My disease stole my family, career and almost my life. I can remember the first time I tried alcohol, I was 13 or 14 years old. Back in the day, my father used to fly first class and come home with little bottles of liquor. The day of my eighth grade dance, I drank vodka from an airline bottle kept in my father's liquor closet. I drank two of those bottles and headed to my eighth grade dance. For a shy kid that didn't talk with many people, I suddenly had a outgoing personality, talked and danced with girls. Many girls were out of my league (or so I thought). That night, from the positive experience at the dance, started a cycle that lasted until July 28, 1980. On that night, I drove my father's 1969 Camaro into the stone wall entrance of ironically a high end alcohol rehab named Four Winds in Crossriver, NY. This is where Elizabeth Taylor went and suddenly I had arrived. The crash was so loud at 3 am that it woke the care taker of the rehab. Also, luckily, two state policeman were headed the other way just prior to me hitting that stone wall. The state police and care taker saved my life that night. Within minutes, an ambulance took me to Northern Westchester Hospital. I was in a Coma for nine days and the hospital 30 days. I spent the rest of the summer of 1980 in physical and emotional recovery. The internal head trauma put me in a coma and I suffered damage to the 3rd optic nerve of my right eye. The doctors told me then that if I didn't drink or drug, exercise more and eat well going forward that my eye may get slightly better but any improvement would cease after one year. For the next year, I followed the doctor's orders and saw improvement. In addition, I went to many mental health professionals to evaluate if my brain had healed so that I could go back to college.
My struggle to not drink and drug had begun. A year to the date of the accident, my doctor said my eye wasn't going to get any better. I went out and drank again and continued to do so for the next seven years. On July 28, 1987, my doctor recommended I go to an AA meeting. I went to my first AA meeting in a church basement in Manhattan. I heard people talking and laughing, a far cry from what I heard in a while. Being I was in a money center during the day as a commercial mortgage banker and an avid drug user at night. I recall very little from that first meeting except that all of it was positive. I received a meeting book and started going to meetings on a regular basis for the next 3 years. In 1990, I began going to less meetings as life had taken off and become much better. I got married, has a succesful career however began to struggle in and out of the ruins of alcohol's consequences. I kept going back to the rooms of AA when things got bad, however I realize now that I never really grasped the 12 steps and always thought my situation was different. 16 years later, two healthy children, a divorce, losing jobs, business relationships, all my net worth, investments, and my health was deteriorating, my girlfriend of 6 years left me. I was alone in our house, overwhelmed by debt and losing my sanity. After a 4 day run of drinking and drugging and all alone, I told myself I had enough. Enough loss, enough stress, and enough drama for one lifetime. I reached out and called an AA old timer I had met in Florida. He welcomed me into his home where I slept on his couch for the next 3 days. He dragged me to AA meetings during every waking moment. Just like they say in AA, I finally decided to change everything. I got a sponsor, I read from the AA book everyday, I went to meetings everyday, I called other alcoholics everyday but most importantly asked God every morning to remove the obsession to want to drink and drug.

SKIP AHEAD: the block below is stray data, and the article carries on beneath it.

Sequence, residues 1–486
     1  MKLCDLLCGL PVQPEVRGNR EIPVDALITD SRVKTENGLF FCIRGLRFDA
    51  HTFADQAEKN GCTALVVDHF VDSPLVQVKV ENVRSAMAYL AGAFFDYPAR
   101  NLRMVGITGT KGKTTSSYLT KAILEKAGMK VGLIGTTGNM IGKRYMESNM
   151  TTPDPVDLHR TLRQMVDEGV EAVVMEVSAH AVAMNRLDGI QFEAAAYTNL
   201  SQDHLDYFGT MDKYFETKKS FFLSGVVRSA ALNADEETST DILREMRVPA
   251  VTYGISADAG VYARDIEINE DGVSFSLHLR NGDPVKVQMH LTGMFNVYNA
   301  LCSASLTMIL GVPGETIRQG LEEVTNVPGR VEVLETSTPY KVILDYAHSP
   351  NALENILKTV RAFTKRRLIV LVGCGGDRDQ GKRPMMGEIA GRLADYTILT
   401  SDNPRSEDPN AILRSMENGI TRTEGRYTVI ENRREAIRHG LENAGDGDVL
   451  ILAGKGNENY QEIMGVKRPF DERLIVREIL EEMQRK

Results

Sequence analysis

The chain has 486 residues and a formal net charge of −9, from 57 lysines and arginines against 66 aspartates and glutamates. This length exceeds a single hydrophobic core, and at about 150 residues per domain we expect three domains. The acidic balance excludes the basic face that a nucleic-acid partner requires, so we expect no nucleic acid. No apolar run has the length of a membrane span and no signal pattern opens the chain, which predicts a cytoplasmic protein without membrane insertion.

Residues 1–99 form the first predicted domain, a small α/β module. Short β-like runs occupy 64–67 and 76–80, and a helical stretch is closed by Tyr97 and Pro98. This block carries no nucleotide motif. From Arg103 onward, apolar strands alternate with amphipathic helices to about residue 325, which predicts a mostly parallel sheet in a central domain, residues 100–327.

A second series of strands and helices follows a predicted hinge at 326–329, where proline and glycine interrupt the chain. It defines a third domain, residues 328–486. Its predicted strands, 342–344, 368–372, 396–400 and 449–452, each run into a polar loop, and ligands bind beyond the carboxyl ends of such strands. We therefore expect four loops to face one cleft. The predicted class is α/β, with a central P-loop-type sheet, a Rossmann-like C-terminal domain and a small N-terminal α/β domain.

These changes generated immediate results and the obsession to want to drink and drug daily was lifted. The next 3 years, and the ensuing financial crisis was not good for me personally or professionally. However the struggles of those 3 years made me stronger. Today with 9 and 1/2 years of continuous sobriety and counting, my life is 1,000 times better. I remarried, have a relationship with my children, a home, my business is thriving and I do service work with Freedom House. Over the past 10 years I have been on the board of Freedom House, President for 3 of those years. Working with the residents of Freedom House keeps my memory green. Keeping it green, attending meetings and praying every day has allowed me to enjoy life to its fullest everyday.
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